"The first requisite of civilization ... is that of justice," wrote Sigmund Freud in his 1930 book Civilization and Its Discontents. Ideally, this is true, but it often seems like some civilizations never got the message. Though maybe it depends on what you mean by justice, and how you define "civilization" — if you can at all. In his new book, novelist and essayist Mohsin Hamid expresses some doubts: "Civilizations are illusions, but these illusions are pervasive, dangerous, and powerful. They contribute to globalization's brutality. ... Civilizations encourage our hypocrisies to flourish."
The title of Hamid's new essay collection, Discontent and Its Civilizations, is obviously a play on Freud's controversial, classic work, but that's where the similarities end. While both books tackle the role of the individual in society, Hamid's book is more personal and much more wide-ranging, concerned with the ways in which human beings invent themselves in a global society that's become both closer and more divided than ever before. "The self we create is a fiction," Hamid writes, and it's one that's getting harder and harder to write.
The essays in Discontent and Its Civilizations form something like a memoir, although indirectly. The book is divided into three sections, "Life," "Art" and "Politics," and it's clear that for Hamid, the three are closely intertwined. The personal essays in "Life" describe Hamid's somewhat nomadic childhood and adulthood — he was born in Lahore, Pakistan, where he now lives, but he spent many years in New York and London.
As a result, he's always been conflicted about where he belongs, particularly after the September 11 attacks, which took place after he moved to the United Kingdom: "The 9/11 attacks placed great strain on the hyphen bridging that identity called Muslim-American. As a man not known for frequenting mosques, and not possessing a U.S. passport, I should not have felt it. But I did, deeply. It seemed two halves of myself were suddenly at war."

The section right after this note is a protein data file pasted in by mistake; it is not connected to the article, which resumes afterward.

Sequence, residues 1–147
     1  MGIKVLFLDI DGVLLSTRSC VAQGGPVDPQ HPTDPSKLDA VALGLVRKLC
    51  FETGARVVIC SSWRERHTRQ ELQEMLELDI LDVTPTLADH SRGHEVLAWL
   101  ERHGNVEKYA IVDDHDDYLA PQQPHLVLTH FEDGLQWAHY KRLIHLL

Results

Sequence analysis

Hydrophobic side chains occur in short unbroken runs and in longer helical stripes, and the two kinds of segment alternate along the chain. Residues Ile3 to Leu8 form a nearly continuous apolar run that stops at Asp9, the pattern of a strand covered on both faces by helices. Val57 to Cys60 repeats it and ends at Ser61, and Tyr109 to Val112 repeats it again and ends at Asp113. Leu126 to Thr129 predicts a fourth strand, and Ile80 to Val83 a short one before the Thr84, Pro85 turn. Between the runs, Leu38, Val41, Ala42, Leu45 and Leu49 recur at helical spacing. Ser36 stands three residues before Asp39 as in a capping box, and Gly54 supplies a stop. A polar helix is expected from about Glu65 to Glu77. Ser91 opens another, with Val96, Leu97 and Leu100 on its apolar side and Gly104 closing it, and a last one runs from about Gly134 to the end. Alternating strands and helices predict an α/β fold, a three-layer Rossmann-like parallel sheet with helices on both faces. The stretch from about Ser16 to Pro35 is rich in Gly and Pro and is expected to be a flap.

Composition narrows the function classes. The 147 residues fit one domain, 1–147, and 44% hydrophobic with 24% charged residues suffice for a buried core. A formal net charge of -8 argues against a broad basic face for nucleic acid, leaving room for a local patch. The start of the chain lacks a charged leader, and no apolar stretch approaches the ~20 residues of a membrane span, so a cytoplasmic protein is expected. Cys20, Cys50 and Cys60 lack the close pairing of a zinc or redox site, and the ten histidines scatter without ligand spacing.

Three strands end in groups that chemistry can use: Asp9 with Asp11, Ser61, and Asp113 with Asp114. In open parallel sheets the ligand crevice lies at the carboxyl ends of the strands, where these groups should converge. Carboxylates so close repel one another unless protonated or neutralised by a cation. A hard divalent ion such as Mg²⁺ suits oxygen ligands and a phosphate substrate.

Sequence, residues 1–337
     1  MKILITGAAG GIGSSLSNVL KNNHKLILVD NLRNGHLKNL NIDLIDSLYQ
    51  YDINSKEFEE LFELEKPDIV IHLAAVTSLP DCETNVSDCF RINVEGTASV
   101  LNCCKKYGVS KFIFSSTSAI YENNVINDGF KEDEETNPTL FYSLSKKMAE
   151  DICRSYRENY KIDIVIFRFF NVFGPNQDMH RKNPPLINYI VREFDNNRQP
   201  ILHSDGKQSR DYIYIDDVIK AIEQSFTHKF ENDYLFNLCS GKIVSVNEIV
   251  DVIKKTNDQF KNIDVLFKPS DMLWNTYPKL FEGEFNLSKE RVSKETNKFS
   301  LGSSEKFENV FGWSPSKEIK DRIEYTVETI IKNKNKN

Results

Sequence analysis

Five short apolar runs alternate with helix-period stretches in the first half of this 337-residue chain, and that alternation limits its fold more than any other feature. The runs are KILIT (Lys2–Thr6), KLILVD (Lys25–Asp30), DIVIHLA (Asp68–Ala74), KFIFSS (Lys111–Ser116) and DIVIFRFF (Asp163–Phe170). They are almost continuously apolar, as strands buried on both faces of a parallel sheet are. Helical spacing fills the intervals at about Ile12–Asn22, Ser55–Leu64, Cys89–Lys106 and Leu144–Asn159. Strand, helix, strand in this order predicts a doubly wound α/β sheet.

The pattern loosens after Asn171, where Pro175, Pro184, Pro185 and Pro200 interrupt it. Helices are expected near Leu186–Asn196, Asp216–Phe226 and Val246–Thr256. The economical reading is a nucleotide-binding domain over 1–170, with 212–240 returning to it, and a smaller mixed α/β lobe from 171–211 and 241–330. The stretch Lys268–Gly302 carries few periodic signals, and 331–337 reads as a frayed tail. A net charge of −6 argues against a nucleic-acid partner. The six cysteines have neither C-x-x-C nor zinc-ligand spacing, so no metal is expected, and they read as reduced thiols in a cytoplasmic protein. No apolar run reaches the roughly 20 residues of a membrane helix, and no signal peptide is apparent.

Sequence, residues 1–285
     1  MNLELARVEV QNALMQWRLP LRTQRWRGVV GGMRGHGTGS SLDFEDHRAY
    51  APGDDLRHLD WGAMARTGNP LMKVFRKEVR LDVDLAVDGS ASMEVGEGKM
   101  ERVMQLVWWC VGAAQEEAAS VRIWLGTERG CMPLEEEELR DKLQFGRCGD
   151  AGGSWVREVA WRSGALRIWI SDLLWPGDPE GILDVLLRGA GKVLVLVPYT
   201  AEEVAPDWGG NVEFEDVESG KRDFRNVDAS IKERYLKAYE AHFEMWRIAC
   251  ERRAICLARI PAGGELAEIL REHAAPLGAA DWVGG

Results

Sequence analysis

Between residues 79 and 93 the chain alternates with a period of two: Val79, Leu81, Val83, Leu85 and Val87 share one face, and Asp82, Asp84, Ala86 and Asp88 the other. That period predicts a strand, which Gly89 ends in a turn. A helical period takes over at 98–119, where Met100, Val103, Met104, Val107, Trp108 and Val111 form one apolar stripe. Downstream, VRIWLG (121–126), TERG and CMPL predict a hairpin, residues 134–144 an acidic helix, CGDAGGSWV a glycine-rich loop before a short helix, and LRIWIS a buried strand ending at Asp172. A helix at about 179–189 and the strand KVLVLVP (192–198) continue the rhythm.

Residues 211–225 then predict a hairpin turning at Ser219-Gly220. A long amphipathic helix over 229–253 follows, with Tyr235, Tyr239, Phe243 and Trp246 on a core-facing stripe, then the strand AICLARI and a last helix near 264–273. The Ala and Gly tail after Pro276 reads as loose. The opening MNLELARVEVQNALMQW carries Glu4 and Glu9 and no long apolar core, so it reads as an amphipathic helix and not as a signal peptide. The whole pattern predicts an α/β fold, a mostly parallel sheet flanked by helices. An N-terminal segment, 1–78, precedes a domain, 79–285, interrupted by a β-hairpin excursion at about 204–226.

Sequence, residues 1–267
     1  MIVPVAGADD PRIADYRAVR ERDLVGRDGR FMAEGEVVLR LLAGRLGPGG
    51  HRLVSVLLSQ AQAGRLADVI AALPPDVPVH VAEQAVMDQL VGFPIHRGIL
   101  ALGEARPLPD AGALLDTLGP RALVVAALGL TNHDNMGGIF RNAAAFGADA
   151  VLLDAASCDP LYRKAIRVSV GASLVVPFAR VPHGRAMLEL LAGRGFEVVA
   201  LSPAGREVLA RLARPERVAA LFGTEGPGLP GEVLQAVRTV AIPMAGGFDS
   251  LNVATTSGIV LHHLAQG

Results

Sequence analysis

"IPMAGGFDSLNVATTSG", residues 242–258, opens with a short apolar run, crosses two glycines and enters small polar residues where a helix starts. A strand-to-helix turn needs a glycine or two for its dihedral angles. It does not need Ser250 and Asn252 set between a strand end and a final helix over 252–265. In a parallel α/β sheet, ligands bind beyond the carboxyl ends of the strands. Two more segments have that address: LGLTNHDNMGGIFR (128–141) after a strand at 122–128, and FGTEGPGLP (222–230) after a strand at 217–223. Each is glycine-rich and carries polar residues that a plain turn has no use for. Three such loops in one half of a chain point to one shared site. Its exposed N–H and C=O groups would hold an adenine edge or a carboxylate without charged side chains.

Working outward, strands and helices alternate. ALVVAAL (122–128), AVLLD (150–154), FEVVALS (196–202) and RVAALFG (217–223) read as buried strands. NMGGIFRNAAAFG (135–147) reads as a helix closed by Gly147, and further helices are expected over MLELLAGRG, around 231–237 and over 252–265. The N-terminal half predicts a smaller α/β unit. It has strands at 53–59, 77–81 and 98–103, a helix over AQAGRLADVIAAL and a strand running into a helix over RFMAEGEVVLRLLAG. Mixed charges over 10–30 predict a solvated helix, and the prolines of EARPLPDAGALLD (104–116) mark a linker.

The second section contains several of Hamid's essays about art, chiefly literature. Best known for his novels The Reluctant Fundamentalist and How to Get Filthy Rich in Rising Asia, Hamid studied under Toni Morrison and Joyce Carol Oates at Princeton, and sees self-invention as a positive force: "I believe that that the hope of invention animates the arts," he writes. "And I feel the same hope as I think of people coming together to invent a world that is post-civilization, and hence infinitely more civilized."
The collection of political essays in the book's final section is perhaps the most forceful and interesting of the three. Hamid is a harsh critic of globalization, which he calls a "brutal phenomenon" that "brings us mass displacement, wars, terrorism" and a host of other social ills. His life as a global wanderer lends him a unique perspective on international politics, particularly as it concerns his home country.
"Pakistan plays a recurring role as villain in the horror subindustry within the news business," he writes, noting that the relationship between that country and the United States deteriorated dramatically after the killing of Osama bin Laden and several American drone strikes that killed Pakistani civilians. The situation, Hamid says, is even more complex than citizens of either country tend to imagine: "The alliance between the U.S. and the Pakistani military remains, therefore, a relationship between parties viewing one another through gunsights. Each side blames the other for putting its citizens in grave danger, and each is correct to do so."
In other words, the relationship between the two countries is, like pretty much everything that relates to international politics, much more complex than we realize. That's what's so refreshing about Hamid's book — he avoids platitudes and easy answers, recognizing that the self, like art and politics, is full of contradictions. Hamid is an amazingly gifted writer, and Discontent and Its Civilizations is a near-perfect essay collection, filled with insight, compassion, and intellect. It's a powerful look at the way people juggle their individuality with the tensions that inevitably result from being part of a community. The personal, Hamid argues, will always be the political, and it's pointless to try to disentangle the two. "Minority relations are a microcosm of society," he writes. "Each individual human being is, after all, a minority of one."